Date Full Report Received07/19/2006
Date Abstract Report Received07/19/2006
Funded ByNational Pork Board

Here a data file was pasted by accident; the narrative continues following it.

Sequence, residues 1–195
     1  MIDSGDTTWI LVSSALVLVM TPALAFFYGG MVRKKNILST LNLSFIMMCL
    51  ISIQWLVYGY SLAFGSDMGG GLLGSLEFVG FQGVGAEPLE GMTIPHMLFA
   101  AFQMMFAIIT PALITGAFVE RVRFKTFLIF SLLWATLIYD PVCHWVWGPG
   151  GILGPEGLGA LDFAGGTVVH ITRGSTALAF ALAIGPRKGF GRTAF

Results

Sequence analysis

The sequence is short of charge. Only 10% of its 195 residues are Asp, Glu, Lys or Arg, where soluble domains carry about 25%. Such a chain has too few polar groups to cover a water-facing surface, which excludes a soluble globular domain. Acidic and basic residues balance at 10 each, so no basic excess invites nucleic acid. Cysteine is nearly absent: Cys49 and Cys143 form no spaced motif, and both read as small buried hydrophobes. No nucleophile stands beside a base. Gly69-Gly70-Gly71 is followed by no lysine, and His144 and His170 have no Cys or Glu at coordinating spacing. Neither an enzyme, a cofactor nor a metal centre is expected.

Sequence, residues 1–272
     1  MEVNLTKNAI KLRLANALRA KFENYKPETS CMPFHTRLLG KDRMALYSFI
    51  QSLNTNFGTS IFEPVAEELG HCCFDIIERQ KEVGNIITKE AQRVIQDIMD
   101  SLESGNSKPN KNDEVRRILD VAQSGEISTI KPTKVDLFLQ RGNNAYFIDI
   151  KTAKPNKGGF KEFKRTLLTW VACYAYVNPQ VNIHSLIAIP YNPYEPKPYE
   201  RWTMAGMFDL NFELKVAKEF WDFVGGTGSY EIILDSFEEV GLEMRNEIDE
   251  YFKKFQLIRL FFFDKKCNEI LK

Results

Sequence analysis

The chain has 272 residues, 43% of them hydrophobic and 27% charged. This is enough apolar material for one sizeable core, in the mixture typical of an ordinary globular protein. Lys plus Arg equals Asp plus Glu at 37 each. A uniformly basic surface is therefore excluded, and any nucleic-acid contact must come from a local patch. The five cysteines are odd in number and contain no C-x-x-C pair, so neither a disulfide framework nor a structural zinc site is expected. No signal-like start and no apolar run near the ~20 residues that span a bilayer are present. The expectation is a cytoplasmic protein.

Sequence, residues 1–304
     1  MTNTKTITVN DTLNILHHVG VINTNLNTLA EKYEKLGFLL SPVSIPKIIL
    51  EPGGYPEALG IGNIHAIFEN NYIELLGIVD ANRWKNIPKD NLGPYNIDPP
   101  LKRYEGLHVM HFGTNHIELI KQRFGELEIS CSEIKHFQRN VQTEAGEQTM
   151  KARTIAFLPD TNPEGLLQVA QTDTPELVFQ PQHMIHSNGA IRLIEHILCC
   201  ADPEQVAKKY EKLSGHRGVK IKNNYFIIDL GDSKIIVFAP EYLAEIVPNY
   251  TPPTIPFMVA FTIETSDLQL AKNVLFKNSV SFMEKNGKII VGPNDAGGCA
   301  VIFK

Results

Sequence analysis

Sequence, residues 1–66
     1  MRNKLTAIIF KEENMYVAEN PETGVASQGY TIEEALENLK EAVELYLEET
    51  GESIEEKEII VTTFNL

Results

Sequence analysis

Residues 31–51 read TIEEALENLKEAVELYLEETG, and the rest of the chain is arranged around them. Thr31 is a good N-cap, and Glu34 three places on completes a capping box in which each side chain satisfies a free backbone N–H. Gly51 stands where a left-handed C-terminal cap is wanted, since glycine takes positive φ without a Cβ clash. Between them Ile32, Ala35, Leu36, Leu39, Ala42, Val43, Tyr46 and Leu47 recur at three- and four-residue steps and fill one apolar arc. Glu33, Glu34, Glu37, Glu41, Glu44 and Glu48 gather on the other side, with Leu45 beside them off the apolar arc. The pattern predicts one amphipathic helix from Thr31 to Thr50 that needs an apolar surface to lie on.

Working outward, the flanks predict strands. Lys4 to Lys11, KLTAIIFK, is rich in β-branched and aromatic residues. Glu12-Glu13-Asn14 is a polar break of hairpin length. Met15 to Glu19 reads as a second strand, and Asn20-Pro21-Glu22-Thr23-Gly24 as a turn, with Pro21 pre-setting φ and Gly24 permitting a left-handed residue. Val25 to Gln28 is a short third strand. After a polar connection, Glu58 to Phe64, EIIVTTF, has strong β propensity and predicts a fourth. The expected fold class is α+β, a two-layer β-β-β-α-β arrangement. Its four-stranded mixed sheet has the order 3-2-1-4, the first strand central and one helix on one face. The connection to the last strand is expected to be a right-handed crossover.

The goal of the study was to examine the potential application of a novel herpes simplex virus-1-based vector system for porcine reproductive and respiratory syndrome virus vaccine development. The herpes simplex virus-1 vector is a defective virus particle that cannot reproduce in host. It contains a plasmid DNA with inserted foreign genes such as porcine reproductive and respiratory syndrome virus glycoprotein 5 gene and a limited genetic sequence from herpes simplex virus-1. Since the plasmid DNA is packaged in a capsid structure formed by herpes simplex virus-1 structural proteins, it can infect the same type of cells as herpes simplex virus-1 virus particles. The herpes simplex virus-1 vector has been investigated as a vector for human immunodeficiency virus –1 vaccine development in the previous studies. Potent T cell and antibody immune response were induced by herpes simplex virus-1 containing human immunodeficiency virus-1 glycoprotein 120 gene. The advantages of the herpes simplex virus-1 vector system include 1) enhances immunogenicity of antigens by immunomodulation of dendritic cells, 2) infects mucosal surfaces and accommodates a large amount of DNA up to a 150-kilobase insert, 3) contains as many as 15-20 copies of packaged plasmid and poses little risk to humans and animals due to its defective replication property. We intended to gather key preliminary data to determine if herpes simplex virus-1 vector could also be used in porcine reproductive and respiratory syndrome vaccine development. We chose to use glycoprotein 5 of porcine reproductive and respiratory syndrome virus as a model antigen due to the extensive previous studies showing the protective efficacy of glycoprotein 5. Additionally, we intended to optimize the glycoprotein 5 gene expression by adapting viral codon usage to the codon bias of Sus Scrofa (swine) genes to generate a codon-optimized glycoprotein 5 gene for enhanced expression in mammalian cells. The rational for gene optimization is that virus encoded genes usually utilize a rare codon usage that is not common in mammalian genes. Therefore, direct expression of viral genes in mammalian systems often fails to achieve optimal protein expression in mammalian cells, which hampers the efficient delivery of protein to the immune system in animals. To examine the immunity generated by herpes simplex virus-1 containing the optimized glycoprotein 5 gene, animals were immunized with plasmid DNA containing the optimized glycoprotein 5 gene first, followed by boosting immunization with herpes simplex virus-1 vector carrying the optimized glycoprotein 5 gene. Our results showed that herpes simplex virus-1 containing the optimized glycoprotein 5 was immunogenic and induced both antibody and T cell immunity in pigs. However, we did not detect any virus neutralization antibody after immunization. At 21 days after challenge of animals with porcine reproductive and respiratory syndrome virus, a subset of animals developed virus neutralization antibody ranging from 1:4 to 1:16. To examine the protection efficacy of herpes simplex virus-1 vector containing glycoprotein 5 gene against challenge with porcine reproductive and respiratory syndrome virus, we collected sera at 10 and 21 days after virus challenge and collected tissues including tonsils, lymph nodes, and lungs at 21 days after virus challenge (at the time of euthanasia). Real-time RT-PCR was used to quantify the viral RNA copies in each sample. We did not see an obvious reduction of viral RNA copies in sera in herpes simplex virus-1 carrying glycoprotein 5 gene immunized animals compared to the control groups at 10 and 21 days after virus challenge. Similar results were observed in collected tissue samples. There was no correlation between virus neutralization antibody titer and viral RNA copies in sera and tissues. It is possible that modification of glycoprotein 5 by the herpes simplex virus-1 vector system influences the immunogenicity of the expressed protein, which contributes to the poor antibody response and the poor protection efficiency against virus challenge. Alternatively, the poor antibody response could be due to the extra peptide sequences added to the optimized glycoprotein 5 for detection and purification purpose, which may alter the original viral protein conformation and therefore, antibody epitope specificity. Overall, we provided proof-of-concept information for the utility of herpes simplex virus-1 vector as a vaccine delivery system for porcine reproductive and respiratory syndrome virus. Future efforts should be focused on the understanding of the immunogenic properties of porcine reproductive and respiratory syndrome viral structural and non-structural proteins and their biological and immunological properties in herpes simplex virus-1 vector system.